Season four of Community has been about nothing if not trying to please longtime fans of the show, so it’s no surprise that rather than trying to deepen the world by going to a location important to any of the show’s characters, “Conventions of Space and Time” is set at an Inspector Spacetime convention. It’s the show’s answer to Dr. Who, and rather than parodying it Community largely just references and recreates a new incarnation of Dr. Who that it can use without paying royalties to the original show. It’s also used as a way of highlighting the relationship between Troy and Abed, but partially because Inspector Spacetime itself is so dull (it’s the lowest form of referential humor, as there’s little parody involved) and partially because their storyline just doesn’t work, it mostly just illustrates how many missteps this season has taken in just a few short episodes. All three episodes so far have relied on film/TV references, and I wouldn’t expect that to slow down anytime soon, as much as I wish it would.
Britta’s relationship with Troy is supposed to be a problem because of his close friendship to Abed, however it’s a concept that can’t get off the ground because it goes against what we know about the characters. Troy and Abed aren’t quite that inseparable anymore; that was a lot of what season three was about. Likewise, Abed is happy for his friend and sees no reason to be jealous. Troy’s insecure about his friendship still, which makes sense because he’s an extremely insecure person when it comes to practically anything, but his comfort with being in a relationship with Britta seems far stranger than any reaction we’ve seen from Abed. Essentially, Community skipped from the stage of mutual attraction between Troy and Britta into a full-fledged relationship, but it’s almost impossible to see how a relationship like this could’ve happened. While their lack of chemistry together could be a way of foreshadowing when they break up, the main result is that it just creates a weird, unbelievable tension around them.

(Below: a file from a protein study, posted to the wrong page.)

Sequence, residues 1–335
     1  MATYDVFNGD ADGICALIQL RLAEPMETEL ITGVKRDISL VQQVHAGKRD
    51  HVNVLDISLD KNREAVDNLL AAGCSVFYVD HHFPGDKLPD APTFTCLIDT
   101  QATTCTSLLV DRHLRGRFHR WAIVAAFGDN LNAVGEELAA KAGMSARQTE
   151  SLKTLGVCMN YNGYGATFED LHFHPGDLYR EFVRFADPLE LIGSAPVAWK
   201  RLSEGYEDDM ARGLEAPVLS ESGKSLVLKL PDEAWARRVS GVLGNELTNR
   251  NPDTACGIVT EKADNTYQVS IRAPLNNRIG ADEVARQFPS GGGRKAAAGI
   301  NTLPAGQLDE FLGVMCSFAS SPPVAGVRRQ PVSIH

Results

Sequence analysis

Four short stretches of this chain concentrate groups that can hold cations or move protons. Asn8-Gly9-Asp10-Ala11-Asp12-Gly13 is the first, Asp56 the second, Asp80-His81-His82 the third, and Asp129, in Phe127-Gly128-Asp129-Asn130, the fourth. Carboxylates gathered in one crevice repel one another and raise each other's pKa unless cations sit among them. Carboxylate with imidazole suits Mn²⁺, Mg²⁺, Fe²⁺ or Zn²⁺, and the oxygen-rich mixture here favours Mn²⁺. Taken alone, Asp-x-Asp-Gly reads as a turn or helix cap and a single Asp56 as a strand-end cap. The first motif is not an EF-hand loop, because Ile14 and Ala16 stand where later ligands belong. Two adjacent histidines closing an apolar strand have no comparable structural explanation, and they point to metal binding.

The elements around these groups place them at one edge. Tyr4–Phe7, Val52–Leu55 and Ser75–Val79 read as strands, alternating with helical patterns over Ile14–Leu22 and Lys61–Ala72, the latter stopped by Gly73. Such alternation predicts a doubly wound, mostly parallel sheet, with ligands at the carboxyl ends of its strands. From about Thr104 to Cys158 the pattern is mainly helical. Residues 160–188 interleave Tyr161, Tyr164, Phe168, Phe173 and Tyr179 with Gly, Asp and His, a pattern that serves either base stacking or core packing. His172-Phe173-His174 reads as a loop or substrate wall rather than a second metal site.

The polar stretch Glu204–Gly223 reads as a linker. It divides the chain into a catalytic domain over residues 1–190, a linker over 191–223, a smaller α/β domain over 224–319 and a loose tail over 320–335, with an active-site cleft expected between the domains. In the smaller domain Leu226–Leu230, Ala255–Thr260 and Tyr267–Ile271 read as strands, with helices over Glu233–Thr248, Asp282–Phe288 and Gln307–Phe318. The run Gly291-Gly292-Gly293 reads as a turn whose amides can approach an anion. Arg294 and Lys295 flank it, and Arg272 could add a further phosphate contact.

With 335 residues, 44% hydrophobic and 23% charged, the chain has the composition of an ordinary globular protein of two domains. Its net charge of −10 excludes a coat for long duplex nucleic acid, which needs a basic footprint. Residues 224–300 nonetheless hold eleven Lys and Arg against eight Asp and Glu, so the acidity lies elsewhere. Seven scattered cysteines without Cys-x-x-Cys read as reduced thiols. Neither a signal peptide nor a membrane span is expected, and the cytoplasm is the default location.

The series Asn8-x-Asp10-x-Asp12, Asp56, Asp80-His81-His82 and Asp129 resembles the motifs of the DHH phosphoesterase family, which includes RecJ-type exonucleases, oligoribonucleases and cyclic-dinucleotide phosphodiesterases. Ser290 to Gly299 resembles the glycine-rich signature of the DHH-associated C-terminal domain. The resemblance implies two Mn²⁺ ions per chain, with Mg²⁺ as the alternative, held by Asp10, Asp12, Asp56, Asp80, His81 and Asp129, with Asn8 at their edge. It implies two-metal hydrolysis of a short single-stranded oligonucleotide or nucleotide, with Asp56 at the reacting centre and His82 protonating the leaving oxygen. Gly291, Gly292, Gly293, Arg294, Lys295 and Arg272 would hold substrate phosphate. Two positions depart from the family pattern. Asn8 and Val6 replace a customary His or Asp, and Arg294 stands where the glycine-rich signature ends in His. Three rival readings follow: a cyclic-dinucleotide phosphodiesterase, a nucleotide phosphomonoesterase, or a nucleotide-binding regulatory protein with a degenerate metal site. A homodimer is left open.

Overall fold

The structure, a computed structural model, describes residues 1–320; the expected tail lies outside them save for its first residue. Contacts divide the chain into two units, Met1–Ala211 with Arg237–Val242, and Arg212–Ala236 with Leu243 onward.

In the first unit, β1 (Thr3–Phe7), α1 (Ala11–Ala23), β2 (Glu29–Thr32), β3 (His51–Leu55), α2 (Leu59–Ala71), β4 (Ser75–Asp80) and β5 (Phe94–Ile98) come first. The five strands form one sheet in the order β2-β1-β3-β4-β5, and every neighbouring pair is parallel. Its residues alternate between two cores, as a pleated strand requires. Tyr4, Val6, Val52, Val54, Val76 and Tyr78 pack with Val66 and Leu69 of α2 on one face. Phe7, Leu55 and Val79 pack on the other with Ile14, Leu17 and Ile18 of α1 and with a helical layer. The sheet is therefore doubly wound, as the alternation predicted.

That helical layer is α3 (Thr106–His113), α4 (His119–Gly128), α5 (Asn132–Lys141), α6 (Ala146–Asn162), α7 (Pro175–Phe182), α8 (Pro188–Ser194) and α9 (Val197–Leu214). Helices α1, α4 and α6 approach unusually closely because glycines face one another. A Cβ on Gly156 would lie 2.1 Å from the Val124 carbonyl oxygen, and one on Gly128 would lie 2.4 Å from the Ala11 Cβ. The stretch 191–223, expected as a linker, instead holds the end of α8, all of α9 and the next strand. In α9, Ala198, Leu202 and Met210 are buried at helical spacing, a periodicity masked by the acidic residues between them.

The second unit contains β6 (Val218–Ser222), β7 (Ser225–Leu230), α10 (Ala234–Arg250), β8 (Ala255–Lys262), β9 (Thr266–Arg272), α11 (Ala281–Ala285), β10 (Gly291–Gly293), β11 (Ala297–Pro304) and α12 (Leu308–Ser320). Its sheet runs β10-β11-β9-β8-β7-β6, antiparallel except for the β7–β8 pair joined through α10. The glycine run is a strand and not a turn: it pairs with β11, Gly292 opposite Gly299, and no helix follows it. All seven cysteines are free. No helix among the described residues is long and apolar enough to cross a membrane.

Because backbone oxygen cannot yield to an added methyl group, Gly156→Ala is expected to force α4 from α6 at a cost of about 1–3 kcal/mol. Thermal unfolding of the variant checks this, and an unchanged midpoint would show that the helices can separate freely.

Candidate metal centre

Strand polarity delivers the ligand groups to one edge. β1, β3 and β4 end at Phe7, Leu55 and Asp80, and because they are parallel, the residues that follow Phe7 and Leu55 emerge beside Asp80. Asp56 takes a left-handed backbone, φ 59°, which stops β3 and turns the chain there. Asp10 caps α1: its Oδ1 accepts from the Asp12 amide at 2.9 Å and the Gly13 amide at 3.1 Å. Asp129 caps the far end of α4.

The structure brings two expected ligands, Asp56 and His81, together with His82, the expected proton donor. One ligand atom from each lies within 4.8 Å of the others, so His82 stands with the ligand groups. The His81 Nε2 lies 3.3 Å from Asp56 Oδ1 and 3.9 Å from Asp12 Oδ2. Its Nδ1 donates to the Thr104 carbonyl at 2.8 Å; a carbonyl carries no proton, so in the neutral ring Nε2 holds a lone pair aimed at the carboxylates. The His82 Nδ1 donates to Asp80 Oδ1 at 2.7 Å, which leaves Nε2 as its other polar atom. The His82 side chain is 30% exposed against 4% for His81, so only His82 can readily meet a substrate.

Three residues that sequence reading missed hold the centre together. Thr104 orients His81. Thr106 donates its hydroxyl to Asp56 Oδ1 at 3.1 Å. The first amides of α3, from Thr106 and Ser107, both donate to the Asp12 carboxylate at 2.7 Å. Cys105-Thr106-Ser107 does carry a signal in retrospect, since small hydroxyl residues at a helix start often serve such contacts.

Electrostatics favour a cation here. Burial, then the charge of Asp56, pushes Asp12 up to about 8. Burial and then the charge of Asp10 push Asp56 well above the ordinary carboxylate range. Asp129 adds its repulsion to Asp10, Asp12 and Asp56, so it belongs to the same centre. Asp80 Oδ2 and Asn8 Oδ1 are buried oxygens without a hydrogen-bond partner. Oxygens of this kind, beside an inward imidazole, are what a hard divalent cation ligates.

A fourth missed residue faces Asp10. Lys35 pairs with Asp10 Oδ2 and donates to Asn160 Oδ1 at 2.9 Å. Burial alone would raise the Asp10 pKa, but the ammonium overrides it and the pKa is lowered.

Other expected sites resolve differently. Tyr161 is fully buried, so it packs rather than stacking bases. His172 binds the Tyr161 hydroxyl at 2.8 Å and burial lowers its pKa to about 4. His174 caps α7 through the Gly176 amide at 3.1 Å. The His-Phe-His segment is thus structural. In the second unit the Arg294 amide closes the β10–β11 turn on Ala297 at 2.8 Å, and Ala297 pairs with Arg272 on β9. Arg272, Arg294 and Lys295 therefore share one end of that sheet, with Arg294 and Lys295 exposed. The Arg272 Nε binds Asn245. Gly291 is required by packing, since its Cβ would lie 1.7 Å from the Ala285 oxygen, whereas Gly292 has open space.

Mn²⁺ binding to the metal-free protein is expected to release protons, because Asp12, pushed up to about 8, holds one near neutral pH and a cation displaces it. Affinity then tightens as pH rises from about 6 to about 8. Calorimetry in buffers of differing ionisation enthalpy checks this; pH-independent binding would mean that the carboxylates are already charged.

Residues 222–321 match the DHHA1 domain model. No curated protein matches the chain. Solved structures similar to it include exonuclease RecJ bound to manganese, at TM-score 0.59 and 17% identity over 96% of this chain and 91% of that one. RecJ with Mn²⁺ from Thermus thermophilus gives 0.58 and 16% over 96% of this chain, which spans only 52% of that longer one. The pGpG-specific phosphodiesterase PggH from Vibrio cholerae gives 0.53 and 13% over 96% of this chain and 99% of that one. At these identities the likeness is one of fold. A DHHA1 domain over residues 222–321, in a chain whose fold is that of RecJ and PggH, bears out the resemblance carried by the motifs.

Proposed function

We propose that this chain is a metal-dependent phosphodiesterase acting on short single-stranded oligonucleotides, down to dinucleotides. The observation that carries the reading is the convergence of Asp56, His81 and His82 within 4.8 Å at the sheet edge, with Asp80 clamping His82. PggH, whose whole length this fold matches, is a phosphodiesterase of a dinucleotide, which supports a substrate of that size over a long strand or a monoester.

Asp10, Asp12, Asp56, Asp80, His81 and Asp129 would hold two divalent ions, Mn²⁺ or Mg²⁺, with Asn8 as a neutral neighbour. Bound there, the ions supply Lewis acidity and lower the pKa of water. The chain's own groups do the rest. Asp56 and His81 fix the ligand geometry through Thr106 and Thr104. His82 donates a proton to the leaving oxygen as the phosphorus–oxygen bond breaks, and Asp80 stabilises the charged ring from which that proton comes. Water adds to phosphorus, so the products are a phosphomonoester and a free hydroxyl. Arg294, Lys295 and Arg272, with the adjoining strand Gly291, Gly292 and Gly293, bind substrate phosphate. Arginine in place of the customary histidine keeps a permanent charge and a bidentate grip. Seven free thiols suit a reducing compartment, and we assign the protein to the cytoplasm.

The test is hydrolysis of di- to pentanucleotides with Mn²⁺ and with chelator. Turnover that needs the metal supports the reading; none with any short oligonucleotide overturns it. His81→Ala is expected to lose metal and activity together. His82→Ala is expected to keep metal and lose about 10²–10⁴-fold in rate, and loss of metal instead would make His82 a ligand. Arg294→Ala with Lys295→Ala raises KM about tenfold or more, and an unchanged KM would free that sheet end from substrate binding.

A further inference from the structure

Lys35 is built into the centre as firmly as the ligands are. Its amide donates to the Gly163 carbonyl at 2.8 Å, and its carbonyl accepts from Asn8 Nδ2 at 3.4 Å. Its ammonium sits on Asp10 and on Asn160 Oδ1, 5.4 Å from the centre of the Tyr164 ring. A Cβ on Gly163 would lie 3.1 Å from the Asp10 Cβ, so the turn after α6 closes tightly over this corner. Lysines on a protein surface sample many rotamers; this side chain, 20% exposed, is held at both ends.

Abed has really been the star of all three episodes, which is no surprise given that he’s a fan favorite. But it’s been to the detriment of all the other characters, who seem to have reverted back to versions of themselves that we saw in the first two seasons. Case in point, Annie’s infatuation with Jeff this season has gone against her hard-fought growth in many previous episodes. Fans have been hoping for a romance between the two of them ever since their kiss three seasons ago, and the new showrunners seem to have agreed. But this has kept Annie from growing up and having real adult relationships, even ones as stilted as Troy and Britta’s. Keeping her only searching within the group has stunted her and cut away Dan Harmon’s efforts to make her into more of a person. While the age difference between her and Jeff isn’t nearly as disconcerting as it was during season one, she’s hardly matured. The version of her we saw pining for him in their hotel room was probably what many hoped for, but it’s far from adult, which makes this storyline feel at odds with the show rather than flirtatious. I won’t even touch on how absurd it is that they’d be sharing a hotel room at this point.
And past all of these, we have the story about the two members of the cast Community seems to have largely lost interest in, Pierce and Shirley. Aside from the fact that it’s weird no one invited Shirley—everyone likes her, so the snub makes little sense even if she’s not a fan of the show—they’re relegated to a c-plot watching an American remake of Inspector Spacetime that felt like an afterthought created for contractual reasons. They get a few good lines, but are left with nowhere to go and little to do.
This was a far funnier episode than last week’s stillborn Halloween parody, but aside from a few clever jokes it always felt off. Rather than repeating previous stories, what we saw this time seemed like fan-fiction versions of characters far removed from the growth we’ve seen across the previous three seasons. Rather than solving the problems of the first two episodes, it just dug a deeper hole as characters became less real, references became broader and lost their purpose, and above all, the neediness, the desire to please everyone was impossible to ignore. The best part about Community used to be the show’s willingness to follow its muse, regardless of whether the result was off-putting or dull to much of its audience. It’s that sense that’s most missing, and rather than an original voice it feels like we’re left with an able but disappointing ventriloquist trying its best to mimic what used to come naturally.
•Between Britta in her underwear and Jeff shirtless, this season’s really milking the cast’s sex appeal this season. And it hasn’t really been for the better.
•The “sent money to someone over the internet joke” is so old at this point that I don’t even believe those spam emails still exist.
•I do love that different inspectors would win fights in space than in time.
•“Your thoughts would be very valuable to us.” – Words Pierce had never heard before.
•Annie on scotch: “tastes of… bog.”
•”Normally we don’t concern ourselves with adultery, because otherwise hotels wouldn’t exist.”
•”Oh my God, he can make a fist. That would hurt harder than a slap.” – I’m not a fan of Little Britain, but Matt Lucas was good here. Tricia Helfer, on the other hand, seemed kind of wasted.
•Am I wrong, or has Jeff not actually “Winger-ed” it himself in like two or three seasons at this point? Three episodes in and Abed has already parroted that concept twice, both to awful results.